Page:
Now, maybe there’ll be a few cases like that, but in the great majority, the vast majority of cases, the person will not be able to mount such a challenge.

So what is the difference between the situation here and the situation that the Court already approved in Krull?

Orin S. Kerr:

I think there are two differences.

One is that there is a substantial difference from the standpoint of a defendant or defense attorney between a remote chance of success in a legal claim and no chance of success on a legal claim.

Krull leaves open the possibility — and it may be remote, but nonetheless a possibility — of relief if the defendant can persuade a court that a reasonable officer would have known in light of this Court’s precedent that the statute allowed unconstitutional searches.

Samuel A. Alito, Jr.:

Well, we could leave that open here.

We could say that there’s no good faith immunity if a reasonable officer couldn’t have believed that a prior decision of this Court was a correct interpretation of the Fourth Amendment.

Maybe that sounds strange only because we have a higher opinion of ourselves than we do of the Congress and the President.

Orin S. Kerr:

And yet I think your — your hypothetical, your suggestion that perhaps the Court could adopt that standard, shows the difficulty of trying to craft a good faith exception that ends up running up against the Linkletter problem.

This is exactly the issue the Court struggled with during the Linkletter era that Justice Harlan–

Ruth Bader Ginsburg:

Essentially, is your argument essentially that we should distinguish never, which would be this case if your position is not right, and hardly ever.

Is that–

Orin S. Kerr:

–That’s correct.

Where the rule is never, defendants are unlikely to make any sort of claim, and this Court would be denied the opportunity to review its own precedents, and that’s an essential role of this Court’s decisions in the Fourth Amendment setting.

Anthony M. Kennedy:

Well, you might respond that the government’s going to say, well, there’s Monell that’s in their brief, and you’ll probably say that that’s a weak substitute for a criminal defense attorney’s doing it in the trial itself.

Orin S. Kerr:

It is a weak substitute.

There’s been no case that I’m aware of at least involving liability against a municipality seeking law reform.

It’s because the Court has rejected the notion of municipal liability as being based on respondeat superior.

Anthony M. Kennedy:

Suppose we were concerned with the costs of your rule in the sense that Gant does have some exception for the safety of the officers, and I think you can read the case if there’s some general safety considerations for not securing the car in a neighborhood rather than leave it by itself.

If we adopted your rule, the prosecution in all those cases would not have had the opportunity to make those additional defenses or those — to advance those additional justifications for the search.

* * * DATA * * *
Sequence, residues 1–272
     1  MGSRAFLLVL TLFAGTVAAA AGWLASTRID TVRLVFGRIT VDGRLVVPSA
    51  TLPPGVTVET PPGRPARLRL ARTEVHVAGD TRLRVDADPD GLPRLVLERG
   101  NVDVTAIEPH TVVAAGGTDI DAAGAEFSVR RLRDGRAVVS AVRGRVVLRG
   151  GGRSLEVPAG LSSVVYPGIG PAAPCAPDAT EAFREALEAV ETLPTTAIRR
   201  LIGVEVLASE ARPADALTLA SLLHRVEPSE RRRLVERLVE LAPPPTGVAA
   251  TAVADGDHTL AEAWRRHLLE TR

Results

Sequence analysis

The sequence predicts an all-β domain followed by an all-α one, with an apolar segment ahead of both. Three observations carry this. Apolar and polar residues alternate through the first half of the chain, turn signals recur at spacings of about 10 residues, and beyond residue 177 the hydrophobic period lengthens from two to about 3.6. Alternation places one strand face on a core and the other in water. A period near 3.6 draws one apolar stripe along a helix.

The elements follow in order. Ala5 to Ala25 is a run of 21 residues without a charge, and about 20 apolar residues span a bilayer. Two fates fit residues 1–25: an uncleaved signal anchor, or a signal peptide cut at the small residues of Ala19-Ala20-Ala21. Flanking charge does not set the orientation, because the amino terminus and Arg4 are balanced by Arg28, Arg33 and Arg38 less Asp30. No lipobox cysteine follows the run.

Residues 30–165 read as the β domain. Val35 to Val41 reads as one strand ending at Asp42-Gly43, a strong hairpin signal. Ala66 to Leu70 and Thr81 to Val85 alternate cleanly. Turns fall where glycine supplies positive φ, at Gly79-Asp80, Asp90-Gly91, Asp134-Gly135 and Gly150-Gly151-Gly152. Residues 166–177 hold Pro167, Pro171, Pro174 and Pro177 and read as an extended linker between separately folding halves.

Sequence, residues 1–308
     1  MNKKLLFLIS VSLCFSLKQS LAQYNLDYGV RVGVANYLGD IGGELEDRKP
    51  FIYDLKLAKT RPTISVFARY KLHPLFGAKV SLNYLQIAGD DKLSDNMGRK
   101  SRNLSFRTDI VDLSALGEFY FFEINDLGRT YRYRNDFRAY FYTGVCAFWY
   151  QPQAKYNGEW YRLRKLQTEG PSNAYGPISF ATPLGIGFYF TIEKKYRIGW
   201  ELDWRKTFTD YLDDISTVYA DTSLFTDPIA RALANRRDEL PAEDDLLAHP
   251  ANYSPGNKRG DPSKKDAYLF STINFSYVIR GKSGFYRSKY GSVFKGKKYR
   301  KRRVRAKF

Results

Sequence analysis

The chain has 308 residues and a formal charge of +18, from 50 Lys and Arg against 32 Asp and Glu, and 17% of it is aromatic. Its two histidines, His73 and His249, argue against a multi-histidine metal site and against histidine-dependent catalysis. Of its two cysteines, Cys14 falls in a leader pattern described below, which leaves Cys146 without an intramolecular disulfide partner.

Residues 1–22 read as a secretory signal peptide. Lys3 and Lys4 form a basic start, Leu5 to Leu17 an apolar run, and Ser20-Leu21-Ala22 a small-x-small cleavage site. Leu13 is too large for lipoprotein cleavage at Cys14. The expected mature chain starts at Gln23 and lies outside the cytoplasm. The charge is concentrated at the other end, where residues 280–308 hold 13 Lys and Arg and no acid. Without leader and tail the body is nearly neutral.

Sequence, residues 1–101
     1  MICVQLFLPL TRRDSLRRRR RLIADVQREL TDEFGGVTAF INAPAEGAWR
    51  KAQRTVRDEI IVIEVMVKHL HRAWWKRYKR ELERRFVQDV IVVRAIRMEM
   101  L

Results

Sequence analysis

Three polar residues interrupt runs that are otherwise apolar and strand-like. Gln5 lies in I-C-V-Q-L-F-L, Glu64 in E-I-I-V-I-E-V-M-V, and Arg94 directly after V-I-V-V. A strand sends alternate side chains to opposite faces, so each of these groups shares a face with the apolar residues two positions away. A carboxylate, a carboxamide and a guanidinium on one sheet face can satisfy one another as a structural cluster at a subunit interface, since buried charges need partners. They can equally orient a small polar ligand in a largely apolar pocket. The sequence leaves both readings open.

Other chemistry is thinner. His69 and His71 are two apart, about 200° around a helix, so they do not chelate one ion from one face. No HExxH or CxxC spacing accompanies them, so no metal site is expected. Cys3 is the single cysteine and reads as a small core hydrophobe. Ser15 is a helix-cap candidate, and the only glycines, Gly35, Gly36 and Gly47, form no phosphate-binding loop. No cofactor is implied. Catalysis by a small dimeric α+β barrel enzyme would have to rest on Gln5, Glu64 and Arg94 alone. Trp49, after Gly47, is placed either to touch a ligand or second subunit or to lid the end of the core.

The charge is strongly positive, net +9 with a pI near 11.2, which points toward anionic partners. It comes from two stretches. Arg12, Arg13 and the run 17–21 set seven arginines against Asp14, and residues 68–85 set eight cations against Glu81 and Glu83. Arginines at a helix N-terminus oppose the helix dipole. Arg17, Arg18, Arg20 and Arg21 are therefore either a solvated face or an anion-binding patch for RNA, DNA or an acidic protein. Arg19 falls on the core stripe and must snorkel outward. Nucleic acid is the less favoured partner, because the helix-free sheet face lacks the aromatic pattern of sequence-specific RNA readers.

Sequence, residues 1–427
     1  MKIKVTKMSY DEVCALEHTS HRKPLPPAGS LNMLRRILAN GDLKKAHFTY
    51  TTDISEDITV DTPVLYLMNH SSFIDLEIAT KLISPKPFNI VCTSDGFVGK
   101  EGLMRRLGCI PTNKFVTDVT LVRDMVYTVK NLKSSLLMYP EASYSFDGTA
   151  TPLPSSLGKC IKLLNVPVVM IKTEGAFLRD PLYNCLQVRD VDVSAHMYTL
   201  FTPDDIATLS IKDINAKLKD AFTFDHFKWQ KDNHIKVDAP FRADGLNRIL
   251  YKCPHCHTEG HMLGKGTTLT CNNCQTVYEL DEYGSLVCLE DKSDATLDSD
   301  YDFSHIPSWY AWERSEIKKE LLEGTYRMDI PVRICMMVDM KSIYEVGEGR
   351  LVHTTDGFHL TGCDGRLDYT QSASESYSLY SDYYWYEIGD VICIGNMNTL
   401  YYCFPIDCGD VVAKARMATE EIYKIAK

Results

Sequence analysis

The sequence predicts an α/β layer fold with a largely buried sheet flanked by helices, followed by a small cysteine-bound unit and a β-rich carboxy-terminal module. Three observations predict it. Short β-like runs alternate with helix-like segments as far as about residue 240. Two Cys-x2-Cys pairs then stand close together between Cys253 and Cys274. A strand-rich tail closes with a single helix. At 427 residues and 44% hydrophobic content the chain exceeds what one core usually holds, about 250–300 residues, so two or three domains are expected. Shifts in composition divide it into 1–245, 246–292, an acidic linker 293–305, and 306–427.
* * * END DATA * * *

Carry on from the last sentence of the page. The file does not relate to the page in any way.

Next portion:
Maybe you’ll say, well, I’m just trying to resurrect Linkletter.

Orin S. Kerr:

I disagree.

Just to explain, Justice Kennedy, my rule would be to retain the existing practice of this Court.

I’m suggesting no changes in the practice of this Court, and that is when the Court recognized the need to overturn Belton or at least to substantially change Belton in the Gant case, the Court, Justice Alito in his dissent, recognized that there were costs along with that and that led to review of cases in the lower courts.

In many of those lower court decisions, the lower courts held that the searches were nonetheless constitutional under Gant, and that was absolutely proper.

In those situations there is no constitutional violation, no one goes–

Anthony M. Kennedy:

Well, those cases were pending.

I was concerned with cases that were closed, I suppose.

Orin S. Kerr:

–In the closed cases, I’m not in any way challenging the traditional rule of Teague v. Layne and Stone v. Powell that the new rule is not available.

As soon as the conviction is final, the door is closed and no defendant can seek review.

This is only about direct review and the initial case in which the rule is announced, and that’s why I think it raises a special set of jurisprudential problems because it implicates this Court’s need to avoid advisory opinions and to avoid what would amount to a one-way street.

Under the government’s proposed rules, proposed rule, defendants would have a limited ability to challenge precedents that construe the Fourth Amendment too narrowly, but of course of government would be free in any case to challenge precedents that the government believes construes the Fourth Amendment too broadly.

The concern is that over time that would lead to an asymmetry in the Court’s outcomes, not as a result of the measured judgments of this Court, but rather as a result of the incentives on counsel, and the Court should strive to avoid that sort of result.

John G. Roberts, Jr.:

You’re asking us for an exception to our general approach, assuming the general approach is not the one you succeed, for, as you put it, cases where there’s zero possibility of success, while allowing application of the good faith precedent, even if the chances of success are remote.